On 29 March 2023, the UK Government published a White Paper entitled “A pro-innovation approach to AI regulation” (“White Paper”). The White Paper elaborates on the approach to AI set out by the Government in its 2022 AI Governance and Regulation Policy Statement (“Policy Statement” – covered in our blog post here). This announcement comes following the Government’s commitments, in the Spring Budget 2023, to build an expert taskforce to develop the UK’s capabilities in AI foundation models and produce guidance on the relationship between intellectual property law and generative AI (for more details of these initiatives, see here).
In its White Paper, the UK Government confirms that, unlike the EU, it does not plan to adopt new legislation to regulate AI, nor will it create a new regulator for AI (for further details on the EU’s proposed AI regulation see our blog posts here and here). Instead, the UK would require existing regulators, including the UK Information Commissioner’s Office (“ICO”), to take responsibility for the establishment, promotion, and oversight of responsible AI in their respective sectors. Regulators’ activities would be reinforced by the establishment of new support and oversight functions within central Government. This approach is already beginning to play out in certain regulated areas in the UK. For example, in October 2022, the Bank of England and Financial Conduct Authority (“FCA”) jointly released a Discussion Paper on Artificial Intelligence and Machine Learning considering how AI in financial services should be regulated and, in March 2023, the ICO updated its Guidance on AI and Data Protection. …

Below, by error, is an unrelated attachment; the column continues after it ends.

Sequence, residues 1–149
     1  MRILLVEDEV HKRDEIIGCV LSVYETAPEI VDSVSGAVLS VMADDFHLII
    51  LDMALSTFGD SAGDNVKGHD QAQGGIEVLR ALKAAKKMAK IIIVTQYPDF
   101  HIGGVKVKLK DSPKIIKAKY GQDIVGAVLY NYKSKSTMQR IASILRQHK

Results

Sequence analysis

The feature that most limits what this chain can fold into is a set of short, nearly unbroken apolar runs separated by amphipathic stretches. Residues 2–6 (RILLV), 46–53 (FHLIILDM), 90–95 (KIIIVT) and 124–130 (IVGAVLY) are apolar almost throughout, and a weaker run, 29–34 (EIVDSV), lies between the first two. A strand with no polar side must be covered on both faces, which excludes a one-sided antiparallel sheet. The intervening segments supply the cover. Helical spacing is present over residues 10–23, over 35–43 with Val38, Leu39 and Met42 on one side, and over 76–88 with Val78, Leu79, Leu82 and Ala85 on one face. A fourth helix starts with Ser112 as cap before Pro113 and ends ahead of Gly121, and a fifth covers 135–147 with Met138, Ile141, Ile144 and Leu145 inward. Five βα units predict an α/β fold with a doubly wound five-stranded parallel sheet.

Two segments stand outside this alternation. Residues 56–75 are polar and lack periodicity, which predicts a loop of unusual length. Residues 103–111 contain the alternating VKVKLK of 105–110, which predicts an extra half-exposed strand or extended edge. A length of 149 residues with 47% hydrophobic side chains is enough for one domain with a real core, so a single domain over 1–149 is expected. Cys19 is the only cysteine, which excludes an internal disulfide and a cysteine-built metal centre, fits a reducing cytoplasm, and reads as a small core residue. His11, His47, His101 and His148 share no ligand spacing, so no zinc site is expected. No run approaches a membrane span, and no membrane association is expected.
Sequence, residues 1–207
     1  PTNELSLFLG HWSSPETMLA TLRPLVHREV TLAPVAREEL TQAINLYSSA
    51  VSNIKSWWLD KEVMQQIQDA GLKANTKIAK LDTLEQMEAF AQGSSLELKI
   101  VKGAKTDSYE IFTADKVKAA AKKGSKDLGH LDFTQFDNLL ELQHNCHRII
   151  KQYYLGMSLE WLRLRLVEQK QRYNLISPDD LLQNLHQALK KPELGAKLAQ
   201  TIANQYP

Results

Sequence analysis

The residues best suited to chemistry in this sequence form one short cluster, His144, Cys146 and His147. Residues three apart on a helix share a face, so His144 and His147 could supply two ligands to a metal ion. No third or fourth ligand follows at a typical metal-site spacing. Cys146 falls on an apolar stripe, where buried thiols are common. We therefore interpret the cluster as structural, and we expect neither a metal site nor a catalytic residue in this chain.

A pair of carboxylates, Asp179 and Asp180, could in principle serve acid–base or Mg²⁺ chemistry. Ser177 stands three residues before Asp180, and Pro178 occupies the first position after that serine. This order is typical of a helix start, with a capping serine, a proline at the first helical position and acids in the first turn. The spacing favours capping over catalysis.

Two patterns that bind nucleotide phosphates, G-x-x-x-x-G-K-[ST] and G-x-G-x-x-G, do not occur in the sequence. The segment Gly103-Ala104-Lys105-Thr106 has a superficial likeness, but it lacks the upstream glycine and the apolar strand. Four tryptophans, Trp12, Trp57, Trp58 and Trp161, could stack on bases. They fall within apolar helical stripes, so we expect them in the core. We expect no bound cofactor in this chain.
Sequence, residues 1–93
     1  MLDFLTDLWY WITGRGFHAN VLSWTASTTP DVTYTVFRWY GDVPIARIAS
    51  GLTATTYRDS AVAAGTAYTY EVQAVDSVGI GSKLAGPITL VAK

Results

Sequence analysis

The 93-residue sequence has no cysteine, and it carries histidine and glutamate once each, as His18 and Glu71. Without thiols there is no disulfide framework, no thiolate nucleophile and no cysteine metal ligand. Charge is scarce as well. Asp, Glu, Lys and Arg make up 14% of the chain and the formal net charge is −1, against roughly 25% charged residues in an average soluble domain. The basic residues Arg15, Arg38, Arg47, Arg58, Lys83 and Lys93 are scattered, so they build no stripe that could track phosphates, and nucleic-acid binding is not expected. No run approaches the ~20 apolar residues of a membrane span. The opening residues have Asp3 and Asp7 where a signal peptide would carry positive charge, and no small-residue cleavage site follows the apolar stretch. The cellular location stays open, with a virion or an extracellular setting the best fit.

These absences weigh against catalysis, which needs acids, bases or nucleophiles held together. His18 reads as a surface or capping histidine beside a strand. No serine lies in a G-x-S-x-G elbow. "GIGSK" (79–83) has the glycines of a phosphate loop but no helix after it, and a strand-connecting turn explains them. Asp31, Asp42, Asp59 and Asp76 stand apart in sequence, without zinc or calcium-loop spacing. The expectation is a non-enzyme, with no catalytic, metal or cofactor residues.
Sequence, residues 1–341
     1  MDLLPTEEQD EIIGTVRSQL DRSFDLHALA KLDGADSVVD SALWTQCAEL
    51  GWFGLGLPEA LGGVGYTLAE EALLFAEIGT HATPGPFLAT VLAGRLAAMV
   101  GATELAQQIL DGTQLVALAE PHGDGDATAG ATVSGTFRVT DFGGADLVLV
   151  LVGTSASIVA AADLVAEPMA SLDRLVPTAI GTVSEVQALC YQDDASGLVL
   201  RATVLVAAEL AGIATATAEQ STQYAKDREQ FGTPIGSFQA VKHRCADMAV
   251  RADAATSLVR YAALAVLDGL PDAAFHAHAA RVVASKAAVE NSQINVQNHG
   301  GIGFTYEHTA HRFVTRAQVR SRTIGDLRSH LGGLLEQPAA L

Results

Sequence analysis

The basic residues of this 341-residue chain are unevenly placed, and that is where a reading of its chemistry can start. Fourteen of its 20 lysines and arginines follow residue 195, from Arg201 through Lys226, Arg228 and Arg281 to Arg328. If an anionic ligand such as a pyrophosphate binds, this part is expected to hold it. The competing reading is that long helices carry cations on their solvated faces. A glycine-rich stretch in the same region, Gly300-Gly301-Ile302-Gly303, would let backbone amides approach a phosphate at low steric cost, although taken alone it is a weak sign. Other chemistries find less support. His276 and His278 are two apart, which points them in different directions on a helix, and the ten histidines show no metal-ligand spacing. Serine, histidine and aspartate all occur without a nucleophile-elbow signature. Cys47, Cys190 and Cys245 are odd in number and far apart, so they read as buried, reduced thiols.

On 18 July 2022, following its recent response to the public consultation on the reform of UK data protection law (see our blog post on the response here), the UK Government introduced its draft Data Protection and Digital Information Bill (the “Bill”) to the House of Commons.